Occupational violence and aggression

Exposure to aggression or violence at work is terrible for anyone. When you work in a caring profession such as nursing or midwifery it is difficult to reconcile that you would be exposed to workplace violence.

Nobody — including nurses and midwives — should be injured or assaulted at work.

If you are concerned about occupational violence and aggression and would like some support, you can call our confidential support line 24/7 on 1800 667 877.
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What is occupational violence and aggression?

If you experience aggression or violence at work, there are things you can do to look after yourself and your colleagues.

Being informed, talking to your manager and seeking support as soon as an incident of aggression or violence occurs leads to better health outcomes.

Occupational aggression and violence refers to any incident in which an employee is abused, threatened or assaulted in circumstances arising out of, or during the course of, their work and includes:

  • verbal, physical or psychological abuse
  • threats or other intimidating behaviours
  • physical attacks, such as hitting, pinching or scratching
  • aggravated assault
  • threats with a weapon or objects, or
  • sexual harassment and sexual assault.

You may be the direct target or witness violence against somebody else.

Work-related violence on nurses, midwives and students may cause immediate harm or have cumulative long-term implications for health and wellbeing. It is essential that workplaces adopt a zero-tolerance approach to occupational violence and show strong leadership on this issue.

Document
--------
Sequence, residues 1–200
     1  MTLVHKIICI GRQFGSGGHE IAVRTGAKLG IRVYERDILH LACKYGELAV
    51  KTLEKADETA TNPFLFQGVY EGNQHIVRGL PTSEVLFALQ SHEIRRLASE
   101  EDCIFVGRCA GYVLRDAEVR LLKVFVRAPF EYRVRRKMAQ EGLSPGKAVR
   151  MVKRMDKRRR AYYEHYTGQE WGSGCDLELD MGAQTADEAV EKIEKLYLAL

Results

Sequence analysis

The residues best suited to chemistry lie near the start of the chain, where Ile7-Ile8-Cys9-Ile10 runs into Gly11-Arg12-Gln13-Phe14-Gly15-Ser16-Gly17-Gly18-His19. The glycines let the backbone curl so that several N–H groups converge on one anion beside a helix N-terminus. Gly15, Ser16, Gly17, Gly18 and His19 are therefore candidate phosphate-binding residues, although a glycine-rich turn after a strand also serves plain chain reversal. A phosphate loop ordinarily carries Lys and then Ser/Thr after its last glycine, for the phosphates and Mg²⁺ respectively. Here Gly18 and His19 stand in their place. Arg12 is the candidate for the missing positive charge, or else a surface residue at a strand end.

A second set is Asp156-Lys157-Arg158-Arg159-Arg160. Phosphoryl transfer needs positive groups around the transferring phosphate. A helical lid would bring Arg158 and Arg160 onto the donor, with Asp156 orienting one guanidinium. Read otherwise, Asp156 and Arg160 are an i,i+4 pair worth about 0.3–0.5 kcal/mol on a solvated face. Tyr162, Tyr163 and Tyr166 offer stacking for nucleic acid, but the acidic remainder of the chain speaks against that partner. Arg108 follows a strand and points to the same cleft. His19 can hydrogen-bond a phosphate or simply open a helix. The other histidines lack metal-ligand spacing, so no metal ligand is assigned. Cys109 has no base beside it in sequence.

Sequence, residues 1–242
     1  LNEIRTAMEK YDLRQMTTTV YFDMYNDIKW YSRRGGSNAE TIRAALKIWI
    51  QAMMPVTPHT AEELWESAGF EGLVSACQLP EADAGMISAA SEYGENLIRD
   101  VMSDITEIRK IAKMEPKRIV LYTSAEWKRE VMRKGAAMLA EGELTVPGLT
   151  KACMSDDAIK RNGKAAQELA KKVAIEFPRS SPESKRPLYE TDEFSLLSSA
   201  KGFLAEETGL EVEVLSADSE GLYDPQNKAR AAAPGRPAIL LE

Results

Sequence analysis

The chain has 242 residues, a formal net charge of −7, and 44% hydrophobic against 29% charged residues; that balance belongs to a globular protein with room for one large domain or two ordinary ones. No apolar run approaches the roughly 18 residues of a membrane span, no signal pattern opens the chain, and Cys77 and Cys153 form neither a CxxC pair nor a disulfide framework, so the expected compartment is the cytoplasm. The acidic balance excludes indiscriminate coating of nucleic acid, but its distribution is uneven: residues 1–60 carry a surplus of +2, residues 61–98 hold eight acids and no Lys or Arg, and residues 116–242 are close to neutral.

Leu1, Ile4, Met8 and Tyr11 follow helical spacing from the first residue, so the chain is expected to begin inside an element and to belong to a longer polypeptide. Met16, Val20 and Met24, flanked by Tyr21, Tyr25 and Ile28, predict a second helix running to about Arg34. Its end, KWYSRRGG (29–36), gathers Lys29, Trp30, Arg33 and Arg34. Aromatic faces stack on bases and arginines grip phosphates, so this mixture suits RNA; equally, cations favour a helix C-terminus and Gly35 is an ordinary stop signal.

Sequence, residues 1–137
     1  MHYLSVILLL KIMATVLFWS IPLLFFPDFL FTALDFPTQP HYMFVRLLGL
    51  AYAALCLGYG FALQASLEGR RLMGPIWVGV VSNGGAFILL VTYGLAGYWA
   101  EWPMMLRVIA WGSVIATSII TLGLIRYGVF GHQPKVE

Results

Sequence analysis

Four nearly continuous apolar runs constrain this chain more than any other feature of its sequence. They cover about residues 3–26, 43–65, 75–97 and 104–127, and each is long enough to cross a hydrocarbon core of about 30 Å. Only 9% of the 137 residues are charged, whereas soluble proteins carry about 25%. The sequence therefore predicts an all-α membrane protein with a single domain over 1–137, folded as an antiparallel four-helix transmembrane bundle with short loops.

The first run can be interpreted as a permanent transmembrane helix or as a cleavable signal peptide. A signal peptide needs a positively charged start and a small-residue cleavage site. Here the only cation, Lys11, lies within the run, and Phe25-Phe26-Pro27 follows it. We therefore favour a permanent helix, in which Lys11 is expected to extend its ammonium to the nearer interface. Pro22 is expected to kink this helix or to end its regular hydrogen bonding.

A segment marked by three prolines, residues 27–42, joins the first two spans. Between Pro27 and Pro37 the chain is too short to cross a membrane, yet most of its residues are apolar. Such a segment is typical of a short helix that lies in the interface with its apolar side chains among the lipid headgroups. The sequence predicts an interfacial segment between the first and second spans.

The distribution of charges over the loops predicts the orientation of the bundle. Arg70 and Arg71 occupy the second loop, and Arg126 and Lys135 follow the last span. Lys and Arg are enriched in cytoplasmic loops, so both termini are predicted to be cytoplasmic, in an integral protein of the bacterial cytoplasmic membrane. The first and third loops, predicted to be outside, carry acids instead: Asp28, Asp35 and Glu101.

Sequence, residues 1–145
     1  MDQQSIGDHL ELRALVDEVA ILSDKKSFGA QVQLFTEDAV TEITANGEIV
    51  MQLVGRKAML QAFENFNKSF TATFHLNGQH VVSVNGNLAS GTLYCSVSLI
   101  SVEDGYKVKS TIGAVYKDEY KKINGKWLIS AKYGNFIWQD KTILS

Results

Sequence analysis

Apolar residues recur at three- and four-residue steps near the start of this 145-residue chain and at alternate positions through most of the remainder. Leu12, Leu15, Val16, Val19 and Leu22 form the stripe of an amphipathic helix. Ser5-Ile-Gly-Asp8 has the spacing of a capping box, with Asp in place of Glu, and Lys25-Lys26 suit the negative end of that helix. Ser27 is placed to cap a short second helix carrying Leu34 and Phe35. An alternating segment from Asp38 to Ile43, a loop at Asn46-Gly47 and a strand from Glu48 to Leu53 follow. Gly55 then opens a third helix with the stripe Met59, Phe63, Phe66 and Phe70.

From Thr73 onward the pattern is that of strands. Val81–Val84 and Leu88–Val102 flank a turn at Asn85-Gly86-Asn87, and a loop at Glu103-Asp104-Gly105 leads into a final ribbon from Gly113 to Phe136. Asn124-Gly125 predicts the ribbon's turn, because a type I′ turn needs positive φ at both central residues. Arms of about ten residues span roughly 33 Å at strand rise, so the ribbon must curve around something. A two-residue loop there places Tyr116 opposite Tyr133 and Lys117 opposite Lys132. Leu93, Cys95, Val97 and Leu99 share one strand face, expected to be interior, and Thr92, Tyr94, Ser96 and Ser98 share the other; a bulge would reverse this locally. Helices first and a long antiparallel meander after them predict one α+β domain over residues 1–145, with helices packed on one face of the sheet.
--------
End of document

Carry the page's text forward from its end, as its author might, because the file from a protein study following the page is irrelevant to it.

Occupational health and safety policies and procedures, audits, risk assessments, staff training and comprehensive incident reporting systems are vital to reducing aggression and violence in the workplace.

While nurses and midwives take on the role of caring for others, it is crucial they look after themselves and their colleagues. The health and wellbeing of nurses and midwives is an important part of a quality health service.

Occupational violence prevention: What can you do?

If you or a colleague experience occupational aggression or violence it is important to know how to manage it and any emotional responses you may experience.

Here are some tips that may assist:

  • attend aggression prevention and management training provided by your workplace
  • read your organisation’s policies and procedures on preventing and managing occupational violence
  • avoid working in isolation
  • undertake risk assessments to proactively identify the potential for violence and be part of the process to put prevention strategies in place
  • report potential risks to your manager and the occupational health and safety representative
  • develop effective communication skills that will equip you to prevent aggression from escalating and create boundaries that create two-way communication
  • familiarise yourself with your organisation’s incident reporting policies and procedures
  • report and record all incidents and near misses
  • engage in debriefing and support with your manager and colleagues
  • seek support from your organisation’s Employee Assistance Program (EAP) provider — if this is not offered request it
  • let your family or friends know what happened so they can support you, and
  • look after yourself and your colleagues.

Ensure that any incident of aggression is documented so that you and your colleagues can access ongoing support. Even if you don’t think you need support immediately after the incident, it is important to acknowledge lingering emotional responses and seek support.

What can I do next?

Nurse & Midwife Support is here to talk if you have experienced workplace violence or aggression. Our service provides free and confidential support 24/7, to nurses, midwives and students Australia wide. If you would like to speak to someone call 1800 667 877, or you can request support via email.

If you would like to know a bit more about the service before getting in contact — take a look through accessing support.

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